canada supreme court
A view shows the Supreme Court of Canada in Ottawa February 6, 2015. The Supreme Court of Canada overturned a ban on physician-assisted suicide on Friday, unanimously reversing a decision it made in 1993 and putting Canada in the company of a handful of Western countries where the practice will be legal. Reuters/Chris Wattie

In a landmark judgment, Canada’s Supreme Court on Friday struck down laws prohibiting doctor-assisted suicide for patients with “grievous and irremediable medical conditions,” ruling that doctors may now help such patients to end their lives through medications.

In a unanimous decision, the country’s top court ruled that the ban, which has been in place for over two decades, infringed upon the “right to life, liberty and security of the person in a manner that is not in accordance with the principles of fundamental justice.”

In its judgment, the court wrote that it did not agree that the “existential formulation of the right to life requires an absolute prohibition on assistance in dying, or that individuals cannot ‘waive’ their right to life,” adding that such a prohibitive law creates a “duty to live” rather than a “right to life.”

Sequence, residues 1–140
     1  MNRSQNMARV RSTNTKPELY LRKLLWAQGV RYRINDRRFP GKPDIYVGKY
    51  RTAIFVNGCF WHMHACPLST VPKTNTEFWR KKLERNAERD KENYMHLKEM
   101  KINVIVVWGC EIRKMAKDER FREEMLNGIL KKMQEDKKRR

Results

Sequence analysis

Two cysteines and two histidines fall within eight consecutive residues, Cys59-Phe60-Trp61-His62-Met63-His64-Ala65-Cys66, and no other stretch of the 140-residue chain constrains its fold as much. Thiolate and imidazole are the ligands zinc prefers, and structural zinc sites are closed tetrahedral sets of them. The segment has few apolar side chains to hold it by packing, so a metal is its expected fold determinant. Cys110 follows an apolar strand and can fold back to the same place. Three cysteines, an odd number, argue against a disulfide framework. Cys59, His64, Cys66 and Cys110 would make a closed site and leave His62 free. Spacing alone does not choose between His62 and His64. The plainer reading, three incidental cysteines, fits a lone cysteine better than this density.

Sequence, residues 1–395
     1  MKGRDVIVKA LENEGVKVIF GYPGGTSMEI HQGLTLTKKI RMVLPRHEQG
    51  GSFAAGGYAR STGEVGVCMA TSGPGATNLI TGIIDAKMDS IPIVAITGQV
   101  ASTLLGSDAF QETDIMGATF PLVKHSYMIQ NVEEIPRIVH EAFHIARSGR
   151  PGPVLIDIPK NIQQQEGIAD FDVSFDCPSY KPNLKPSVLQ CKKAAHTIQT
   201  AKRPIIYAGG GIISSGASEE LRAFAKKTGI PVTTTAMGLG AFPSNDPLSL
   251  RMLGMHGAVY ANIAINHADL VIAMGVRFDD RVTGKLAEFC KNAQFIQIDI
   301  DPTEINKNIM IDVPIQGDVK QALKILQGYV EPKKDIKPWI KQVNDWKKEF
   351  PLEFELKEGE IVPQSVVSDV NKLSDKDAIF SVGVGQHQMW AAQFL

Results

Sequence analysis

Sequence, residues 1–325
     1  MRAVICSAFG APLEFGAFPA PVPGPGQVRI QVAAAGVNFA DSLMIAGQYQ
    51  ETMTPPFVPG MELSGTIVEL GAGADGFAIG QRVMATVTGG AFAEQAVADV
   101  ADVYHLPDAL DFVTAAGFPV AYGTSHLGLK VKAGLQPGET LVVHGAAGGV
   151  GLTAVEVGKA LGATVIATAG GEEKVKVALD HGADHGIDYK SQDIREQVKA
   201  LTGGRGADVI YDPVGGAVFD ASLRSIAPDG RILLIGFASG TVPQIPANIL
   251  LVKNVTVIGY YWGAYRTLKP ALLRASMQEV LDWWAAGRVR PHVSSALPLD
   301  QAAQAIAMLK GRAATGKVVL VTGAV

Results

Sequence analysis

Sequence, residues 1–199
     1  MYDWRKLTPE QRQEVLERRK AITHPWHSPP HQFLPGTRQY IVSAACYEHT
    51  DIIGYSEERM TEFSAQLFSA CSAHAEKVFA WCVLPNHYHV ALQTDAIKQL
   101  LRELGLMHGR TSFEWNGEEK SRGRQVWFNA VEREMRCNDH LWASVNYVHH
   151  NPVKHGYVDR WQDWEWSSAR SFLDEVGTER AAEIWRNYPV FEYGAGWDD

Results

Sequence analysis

The judgment comes just six months after the Canadian Medical Association (CMA) revised its policy in favor of physician-assisted euthanasia. In an interview to CBC News following the court verdict, CMA President Chris Simpson welcomed the decision.

“What we want to do is really make sure patients who are eligible under the new rules have access to this therapeutic service, but at the same time we need to be very careful that physicians have the right to conscientious objection for moral or ethical reasons or religious reasons,” Simpson reportedly said.

However, the Supreme Court decision, which makes Canada one of just a handful of countries permitting physician-assisted dying, was criticized by several disability-rights groups in the country, who felt the judgment was too open-ended, according to media reports.

“What they (patients) need is policies and procedures and supports from government and from others. They don’t need an option to kill themselves,” Marie Ryan, former chairperson of the Council of Canadians with Disabilities, reportedly said.

Reacting to the judgment, the Canadian government said, in a statement released Friday, that it needs time to study the deeply “sensitive issue” to ensure that “all perspectives on this difficult issue are heard.”

The government will now have a year to rewrite the current law to conform to the judgment. Until then, the current legislation and prohibition will remain in place.